Appeal from the Order of the Pennsylvania Board of Probation and Parole in the case of William Knuckles, Parole No. 7253-E.
John P. Liekar, Sr., for petitioner.
Arthur R. Thomas, Assistant Chief Counsel, with him, Robert A. Greevy, Chief Counsel, for respondent.
Judges MacPhail and Barry, and Senior Judge Narick, sitting as a panel of three. Opinion by Senior Judge Narick.
[ 111 Pa. Commw. Page 488]
William Knuckles (Petitioner) petitions for review of an order of the Pennsylvania Board of Probation and Parole (Board) which denied his request for administrative relief. We affirm.
While on parole, Petitioner violated technical parole condition 5B (refrain from owning or possessing firearms or other weapons). He was recommitted to serve four months backtime; his backtime was less than the presumptive range (six to twelve months) because the Board found as a mitigating circumstance that Petitioner had community support. When Petitioner's request for administrative relief was refused, he appealed to this Court.
It is necessary to indicate in some detail the evidence presented at the parole violation hearing. Parole
[ 111 Pa. Commw. Page 489]
agent Durka testified that on May 1, 1986 he and supervisor Green, apparently acting on a tip, contacted Petitioner at his residence. Petitioner was asked whether he had any firearms; he denied having any and gave permission for the house to be searched. The agents discovered a loaded rifle behind a living room chair. In addition, several boxes of shotgun shells were found in the house.
Petitioner testified that while he knew the rifle was in the house he was not "in possession" of it. He explained that the house he had been residing in (with his agent's authorization) had belonged to his father who had died approximately three months earlier and that the rifle had belonged to him. There is no dispute that Petitioner had permission to live at the residence previously occupied by his father.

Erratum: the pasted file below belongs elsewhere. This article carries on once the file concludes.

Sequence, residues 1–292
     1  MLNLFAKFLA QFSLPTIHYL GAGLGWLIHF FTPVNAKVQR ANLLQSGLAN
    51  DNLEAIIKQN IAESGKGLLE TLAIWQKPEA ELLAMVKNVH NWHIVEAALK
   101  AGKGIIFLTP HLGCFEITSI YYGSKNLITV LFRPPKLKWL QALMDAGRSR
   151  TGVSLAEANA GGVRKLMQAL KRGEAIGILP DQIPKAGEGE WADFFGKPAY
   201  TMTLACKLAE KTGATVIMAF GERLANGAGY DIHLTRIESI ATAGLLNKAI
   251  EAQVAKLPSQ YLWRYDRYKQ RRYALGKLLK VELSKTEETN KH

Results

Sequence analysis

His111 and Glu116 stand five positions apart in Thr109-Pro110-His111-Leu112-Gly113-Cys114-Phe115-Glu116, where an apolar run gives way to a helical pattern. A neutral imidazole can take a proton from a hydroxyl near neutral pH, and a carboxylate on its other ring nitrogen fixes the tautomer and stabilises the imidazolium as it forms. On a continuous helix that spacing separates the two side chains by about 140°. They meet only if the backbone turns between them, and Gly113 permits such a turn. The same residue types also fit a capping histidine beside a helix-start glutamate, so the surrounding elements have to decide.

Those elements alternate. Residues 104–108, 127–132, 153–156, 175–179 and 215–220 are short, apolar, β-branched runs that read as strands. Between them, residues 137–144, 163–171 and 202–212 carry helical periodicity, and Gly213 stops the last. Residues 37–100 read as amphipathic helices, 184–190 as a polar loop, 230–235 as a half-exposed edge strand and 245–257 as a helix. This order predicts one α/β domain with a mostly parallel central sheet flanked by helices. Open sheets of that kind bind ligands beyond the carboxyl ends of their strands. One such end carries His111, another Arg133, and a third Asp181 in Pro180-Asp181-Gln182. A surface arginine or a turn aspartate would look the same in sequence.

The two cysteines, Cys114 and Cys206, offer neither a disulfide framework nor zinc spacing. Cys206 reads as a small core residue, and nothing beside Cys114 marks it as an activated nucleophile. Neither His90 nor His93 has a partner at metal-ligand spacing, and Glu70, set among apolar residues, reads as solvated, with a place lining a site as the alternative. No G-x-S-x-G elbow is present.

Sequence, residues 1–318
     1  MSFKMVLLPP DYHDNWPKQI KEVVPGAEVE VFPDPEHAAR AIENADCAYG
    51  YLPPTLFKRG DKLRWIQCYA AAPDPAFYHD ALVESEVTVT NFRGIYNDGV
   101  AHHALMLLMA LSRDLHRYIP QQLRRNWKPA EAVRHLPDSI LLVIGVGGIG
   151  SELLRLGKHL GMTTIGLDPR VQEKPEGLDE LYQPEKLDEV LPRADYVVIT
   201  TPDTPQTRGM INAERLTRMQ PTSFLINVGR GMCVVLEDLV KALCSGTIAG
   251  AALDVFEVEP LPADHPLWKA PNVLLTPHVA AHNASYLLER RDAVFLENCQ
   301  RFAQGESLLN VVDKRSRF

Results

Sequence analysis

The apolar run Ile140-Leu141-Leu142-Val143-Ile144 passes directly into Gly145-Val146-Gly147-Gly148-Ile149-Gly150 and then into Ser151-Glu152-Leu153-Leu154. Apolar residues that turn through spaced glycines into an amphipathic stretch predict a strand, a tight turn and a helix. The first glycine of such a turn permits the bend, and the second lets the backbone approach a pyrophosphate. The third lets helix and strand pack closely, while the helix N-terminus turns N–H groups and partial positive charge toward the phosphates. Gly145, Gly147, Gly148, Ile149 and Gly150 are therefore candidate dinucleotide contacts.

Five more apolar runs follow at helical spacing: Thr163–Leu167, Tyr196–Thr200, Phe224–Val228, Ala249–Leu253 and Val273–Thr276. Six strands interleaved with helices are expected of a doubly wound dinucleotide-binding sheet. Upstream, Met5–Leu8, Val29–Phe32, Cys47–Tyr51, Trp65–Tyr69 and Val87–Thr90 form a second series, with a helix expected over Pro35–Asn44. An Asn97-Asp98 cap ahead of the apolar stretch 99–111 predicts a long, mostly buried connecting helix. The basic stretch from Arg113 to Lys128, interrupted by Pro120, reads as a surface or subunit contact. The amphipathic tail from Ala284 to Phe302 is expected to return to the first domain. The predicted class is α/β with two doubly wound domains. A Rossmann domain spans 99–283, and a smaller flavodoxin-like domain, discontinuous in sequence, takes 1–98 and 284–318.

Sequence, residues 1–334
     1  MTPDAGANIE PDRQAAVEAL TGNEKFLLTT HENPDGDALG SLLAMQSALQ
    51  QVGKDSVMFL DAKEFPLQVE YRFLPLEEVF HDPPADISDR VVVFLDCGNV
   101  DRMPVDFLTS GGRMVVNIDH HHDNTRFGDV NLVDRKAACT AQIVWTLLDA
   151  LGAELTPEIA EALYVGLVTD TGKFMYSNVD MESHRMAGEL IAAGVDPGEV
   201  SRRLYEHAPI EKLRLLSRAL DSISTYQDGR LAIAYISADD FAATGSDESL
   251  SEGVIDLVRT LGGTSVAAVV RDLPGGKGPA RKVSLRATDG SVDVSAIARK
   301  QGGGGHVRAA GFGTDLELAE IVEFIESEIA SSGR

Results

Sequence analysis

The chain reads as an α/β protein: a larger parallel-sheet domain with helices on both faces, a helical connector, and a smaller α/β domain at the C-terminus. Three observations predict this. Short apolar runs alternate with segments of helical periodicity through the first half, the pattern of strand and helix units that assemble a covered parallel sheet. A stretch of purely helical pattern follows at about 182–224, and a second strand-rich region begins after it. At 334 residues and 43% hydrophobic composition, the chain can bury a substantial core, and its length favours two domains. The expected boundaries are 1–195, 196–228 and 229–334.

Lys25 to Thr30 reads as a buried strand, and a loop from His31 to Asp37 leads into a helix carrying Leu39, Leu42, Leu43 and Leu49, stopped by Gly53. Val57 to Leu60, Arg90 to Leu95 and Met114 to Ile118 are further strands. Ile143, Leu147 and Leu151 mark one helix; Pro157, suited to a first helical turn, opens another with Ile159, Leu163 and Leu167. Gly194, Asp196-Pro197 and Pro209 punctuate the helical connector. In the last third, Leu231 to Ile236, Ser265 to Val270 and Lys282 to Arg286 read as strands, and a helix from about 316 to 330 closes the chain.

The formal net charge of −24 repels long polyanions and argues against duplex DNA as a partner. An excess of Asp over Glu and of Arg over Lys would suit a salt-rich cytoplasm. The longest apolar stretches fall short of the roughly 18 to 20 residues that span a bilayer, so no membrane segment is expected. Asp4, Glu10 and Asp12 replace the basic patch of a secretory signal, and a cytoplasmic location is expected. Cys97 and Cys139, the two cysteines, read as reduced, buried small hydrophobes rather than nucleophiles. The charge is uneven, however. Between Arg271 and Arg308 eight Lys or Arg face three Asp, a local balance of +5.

On appeal here Petitioner raises numerous arguments for our consideration. We shall examine them seriatim keeping in mind that our scope of review of a Board order is limited to determining whether there has been a constitutional violation or an error of law and whether the Board's necessary findings are supported by substantial evidence. Nickens v. Pennsylvania Board of Probation and Parole, 93 Pa. Commonwealth Ct. 313, 502 A.2d 277 (1985).
Petitioner first contends that because the parole agent did not have a search warrant the search was violative of the Fourth Amendment of the United States Constitution and hence the evidence from that search cannot be used at his Board hearing. Were the agents acting in concert with the police Petitioner's argument might be persuasive. See Commonwealth v. Brown, 240 Pa. Superior Ct. 190, 361 A.2d 846 (1976). But no such concerted action is indicated here. Rather, the ...